Imaging and photography have been a longstanding passion of mine.
I've always found capturing interesting. With optometry, it became more like, “Ok, this is a learning experience.”
Cells and flare in the anterior chamber is one thing that's very hard to explain to patients, and to teach colleagues to look for, without being able to show them. I was able to capture a really good video on that, so much so that recently it was used in a patient information video for Great Ormond Street Hospital. It’s used in the childhood uveitis patient information video, which is really cool and incredibly rewarding.
Due to the difficulty of capturing, a lot of colleagues and patients have never seen these signs before. Being able to openly share my captures with people is really helpful in terms of expanding their knowledge and interest.
Recently, a friend posted about her experience of racism within optometry.
It made me think, “Actually, I've experienced this too.” It branched out from there into the first poll, asking how many people had experienced racism in practice. Sadly, the stories were overwhelming.
The key issue is not necessarily the experience of racism. I think what is more shocking and heart-breaking is the way it’s handled. I think it’s that accepted norm, that the patient still comes first, even with racism. We need to urgently change that mentality.
With a platform like mine, you feel a sense of responsibility in terms of helping and trying to get people heard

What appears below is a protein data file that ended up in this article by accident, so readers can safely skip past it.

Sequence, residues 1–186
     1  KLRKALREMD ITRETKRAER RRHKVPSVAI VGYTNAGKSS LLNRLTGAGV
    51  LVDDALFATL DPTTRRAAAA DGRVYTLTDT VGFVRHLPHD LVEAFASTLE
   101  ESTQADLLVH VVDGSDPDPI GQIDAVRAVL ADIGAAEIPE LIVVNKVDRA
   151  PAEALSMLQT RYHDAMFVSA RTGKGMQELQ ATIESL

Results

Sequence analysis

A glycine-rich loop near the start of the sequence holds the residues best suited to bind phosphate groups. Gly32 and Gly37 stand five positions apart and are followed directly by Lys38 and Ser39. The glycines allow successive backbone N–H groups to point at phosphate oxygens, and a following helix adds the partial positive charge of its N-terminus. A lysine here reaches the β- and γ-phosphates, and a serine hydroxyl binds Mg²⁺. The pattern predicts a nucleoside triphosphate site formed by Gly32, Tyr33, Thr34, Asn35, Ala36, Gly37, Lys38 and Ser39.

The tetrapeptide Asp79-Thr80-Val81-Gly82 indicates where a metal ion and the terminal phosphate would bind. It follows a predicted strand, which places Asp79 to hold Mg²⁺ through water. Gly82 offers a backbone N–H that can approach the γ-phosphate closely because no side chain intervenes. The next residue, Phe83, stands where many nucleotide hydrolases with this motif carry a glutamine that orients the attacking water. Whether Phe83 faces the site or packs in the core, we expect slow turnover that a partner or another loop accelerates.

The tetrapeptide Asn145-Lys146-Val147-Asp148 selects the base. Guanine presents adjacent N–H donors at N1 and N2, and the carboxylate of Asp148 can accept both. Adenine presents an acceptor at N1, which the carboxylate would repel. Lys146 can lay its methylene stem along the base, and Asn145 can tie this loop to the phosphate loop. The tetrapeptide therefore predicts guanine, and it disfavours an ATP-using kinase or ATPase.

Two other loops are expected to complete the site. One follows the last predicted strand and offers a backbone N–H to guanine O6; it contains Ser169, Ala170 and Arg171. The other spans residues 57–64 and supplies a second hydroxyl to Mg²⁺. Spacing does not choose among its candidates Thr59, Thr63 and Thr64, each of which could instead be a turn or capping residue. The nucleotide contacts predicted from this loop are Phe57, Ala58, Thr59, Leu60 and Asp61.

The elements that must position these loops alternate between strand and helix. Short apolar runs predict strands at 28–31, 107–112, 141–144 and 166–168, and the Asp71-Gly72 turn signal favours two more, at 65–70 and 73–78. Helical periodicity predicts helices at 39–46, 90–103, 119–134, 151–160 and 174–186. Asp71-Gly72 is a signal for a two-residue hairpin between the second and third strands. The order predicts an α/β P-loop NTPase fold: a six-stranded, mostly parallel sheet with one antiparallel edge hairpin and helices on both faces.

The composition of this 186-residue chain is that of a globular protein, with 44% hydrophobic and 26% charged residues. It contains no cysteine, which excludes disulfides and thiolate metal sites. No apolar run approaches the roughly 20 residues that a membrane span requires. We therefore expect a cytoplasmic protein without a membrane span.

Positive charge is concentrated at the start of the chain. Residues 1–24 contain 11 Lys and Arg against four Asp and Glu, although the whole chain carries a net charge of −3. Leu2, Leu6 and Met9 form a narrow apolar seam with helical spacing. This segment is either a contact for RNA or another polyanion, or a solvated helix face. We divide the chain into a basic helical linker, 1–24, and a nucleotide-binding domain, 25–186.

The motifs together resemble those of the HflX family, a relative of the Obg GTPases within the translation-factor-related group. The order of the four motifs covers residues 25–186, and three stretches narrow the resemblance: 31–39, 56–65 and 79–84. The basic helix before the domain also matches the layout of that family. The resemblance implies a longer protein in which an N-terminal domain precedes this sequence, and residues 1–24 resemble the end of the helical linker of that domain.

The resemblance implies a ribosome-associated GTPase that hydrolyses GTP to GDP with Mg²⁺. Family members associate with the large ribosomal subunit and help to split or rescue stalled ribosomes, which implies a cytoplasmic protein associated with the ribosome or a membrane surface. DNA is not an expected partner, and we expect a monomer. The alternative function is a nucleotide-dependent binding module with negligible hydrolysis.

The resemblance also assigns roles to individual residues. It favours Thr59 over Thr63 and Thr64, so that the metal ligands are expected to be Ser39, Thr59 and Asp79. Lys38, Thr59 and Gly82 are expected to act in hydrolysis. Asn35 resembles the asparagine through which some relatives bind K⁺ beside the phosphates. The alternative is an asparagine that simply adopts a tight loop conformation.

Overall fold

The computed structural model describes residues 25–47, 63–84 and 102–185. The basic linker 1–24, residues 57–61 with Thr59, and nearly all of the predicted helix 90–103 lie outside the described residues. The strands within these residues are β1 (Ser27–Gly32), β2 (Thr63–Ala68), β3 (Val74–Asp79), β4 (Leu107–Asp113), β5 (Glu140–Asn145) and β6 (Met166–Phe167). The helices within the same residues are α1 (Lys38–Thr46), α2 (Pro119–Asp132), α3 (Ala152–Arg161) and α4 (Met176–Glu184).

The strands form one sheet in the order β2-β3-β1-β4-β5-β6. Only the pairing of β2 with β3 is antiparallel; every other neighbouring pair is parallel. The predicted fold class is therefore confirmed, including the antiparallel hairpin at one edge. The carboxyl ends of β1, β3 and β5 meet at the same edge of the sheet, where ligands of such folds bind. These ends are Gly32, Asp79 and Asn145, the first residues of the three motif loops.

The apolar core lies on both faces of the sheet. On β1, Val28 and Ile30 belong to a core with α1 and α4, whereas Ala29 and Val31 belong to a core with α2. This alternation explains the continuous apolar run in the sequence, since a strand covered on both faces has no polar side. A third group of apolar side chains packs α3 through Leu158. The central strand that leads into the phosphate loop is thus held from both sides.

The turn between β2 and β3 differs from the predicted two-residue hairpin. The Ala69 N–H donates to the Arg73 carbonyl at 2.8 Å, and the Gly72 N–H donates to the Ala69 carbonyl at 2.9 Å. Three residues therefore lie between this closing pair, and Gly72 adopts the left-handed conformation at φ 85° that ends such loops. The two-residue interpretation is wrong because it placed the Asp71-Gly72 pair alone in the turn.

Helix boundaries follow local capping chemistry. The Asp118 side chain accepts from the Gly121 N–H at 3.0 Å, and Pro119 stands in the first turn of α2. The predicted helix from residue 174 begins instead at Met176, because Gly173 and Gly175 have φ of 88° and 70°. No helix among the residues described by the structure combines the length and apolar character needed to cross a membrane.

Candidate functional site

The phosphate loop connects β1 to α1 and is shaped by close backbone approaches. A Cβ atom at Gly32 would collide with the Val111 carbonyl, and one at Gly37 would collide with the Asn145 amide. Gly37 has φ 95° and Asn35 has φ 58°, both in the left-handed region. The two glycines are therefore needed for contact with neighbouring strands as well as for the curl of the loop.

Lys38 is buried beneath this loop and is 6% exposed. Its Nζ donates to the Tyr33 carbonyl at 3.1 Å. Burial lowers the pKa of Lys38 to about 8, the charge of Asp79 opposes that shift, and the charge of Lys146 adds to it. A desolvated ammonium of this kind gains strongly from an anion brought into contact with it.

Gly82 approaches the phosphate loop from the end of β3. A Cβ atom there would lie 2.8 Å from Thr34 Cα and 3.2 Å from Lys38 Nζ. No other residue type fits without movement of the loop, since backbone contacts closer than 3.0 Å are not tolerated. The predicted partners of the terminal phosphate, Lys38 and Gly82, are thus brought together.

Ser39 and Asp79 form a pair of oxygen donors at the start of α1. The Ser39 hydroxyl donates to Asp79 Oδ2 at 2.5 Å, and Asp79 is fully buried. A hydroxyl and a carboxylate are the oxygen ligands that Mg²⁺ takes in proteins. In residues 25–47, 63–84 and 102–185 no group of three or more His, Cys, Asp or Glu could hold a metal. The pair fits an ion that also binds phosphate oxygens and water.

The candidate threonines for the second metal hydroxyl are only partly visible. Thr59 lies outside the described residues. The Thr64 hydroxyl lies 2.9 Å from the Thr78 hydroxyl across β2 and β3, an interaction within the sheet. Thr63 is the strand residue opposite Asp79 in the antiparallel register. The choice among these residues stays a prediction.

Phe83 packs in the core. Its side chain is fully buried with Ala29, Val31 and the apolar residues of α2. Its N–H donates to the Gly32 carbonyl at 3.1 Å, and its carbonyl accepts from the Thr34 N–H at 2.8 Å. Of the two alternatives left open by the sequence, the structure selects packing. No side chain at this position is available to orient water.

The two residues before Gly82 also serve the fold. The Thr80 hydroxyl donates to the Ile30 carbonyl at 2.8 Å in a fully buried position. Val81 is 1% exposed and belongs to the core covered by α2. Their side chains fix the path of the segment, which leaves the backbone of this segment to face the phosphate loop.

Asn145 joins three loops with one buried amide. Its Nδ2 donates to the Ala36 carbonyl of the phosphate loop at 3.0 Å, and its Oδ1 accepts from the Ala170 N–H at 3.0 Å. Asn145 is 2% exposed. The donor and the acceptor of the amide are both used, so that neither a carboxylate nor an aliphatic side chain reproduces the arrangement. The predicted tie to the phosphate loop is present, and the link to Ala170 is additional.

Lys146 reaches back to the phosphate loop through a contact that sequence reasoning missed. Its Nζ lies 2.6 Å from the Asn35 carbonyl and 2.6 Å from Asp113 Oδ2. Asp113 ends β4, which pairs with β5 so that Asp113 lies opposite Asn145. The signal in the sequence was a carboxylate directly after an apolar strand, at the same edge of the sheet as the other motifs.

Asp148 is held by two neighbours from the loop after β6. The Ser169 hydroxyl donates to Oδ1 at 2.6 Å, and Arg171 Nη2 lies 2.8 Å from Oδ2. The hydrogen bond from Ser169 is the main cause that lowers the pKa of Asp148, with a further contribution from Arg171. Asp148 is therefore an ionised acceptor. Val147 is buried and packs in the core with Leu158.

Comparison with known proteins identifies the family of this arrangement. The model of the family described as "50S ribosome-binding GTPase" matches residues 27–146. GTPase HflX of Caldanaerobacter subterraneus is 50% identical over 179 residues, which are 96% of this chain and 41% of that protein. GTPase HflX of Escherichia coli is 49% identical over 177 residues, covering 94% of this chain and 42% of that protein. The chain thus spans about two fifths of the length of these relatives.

Beyond sharing the polls on Instagram, I got in contact with Optometry Today, with the AOP, and all the big companies. We had a great response. The College has been really good about it. There's a lot of work to do behind the scenes, in terms of getting people to speak up more, getting more solid actions in the Practice Code of Conduct and getting businesses to have a renewed stance, especially when it comes to turning that patient away. No amount of business should ever come before staff or patient welfare.
I’m in a niche area of social media. With a platform like mine, you feel a sense of responsibility in terms of helping and trying to get people heard.
I am only four years into my career.
It’s funny when I hear it out loud because it feels like a lot longer. Sometimes optics can feel like dog years. At the minute I’m doing my professional certificate in medical retina, at City University. When I finish, I’m hoping to go on to do my professional certificate in glaucoma, and then after that my independent prescribing qualification.
At the minute I work for Specsavers. I’m going through the pathway process. Partnership was always something I was aspiring towards – it’s an aspiration of mine to have my own practice.
At the same time, I do definitely want to get involved with hospital work. My passion lies in the pathology side of the profession. I spent time shadowing on urgent eye care units, and the work always fascinated me.
The page for me is a hobby. It's become an excellent tool, which has enabled me to become involved in a variety of opportunities. Combining social media with my energy and passion has opened doors for me, earlier in my career than ever anticipated. The responsibility that comes with the page is rewarding and stimulating. I am grateful that my passion for both optometry and photography have allowed me to move forward in my profession more in these last four years than I could have ever imagined.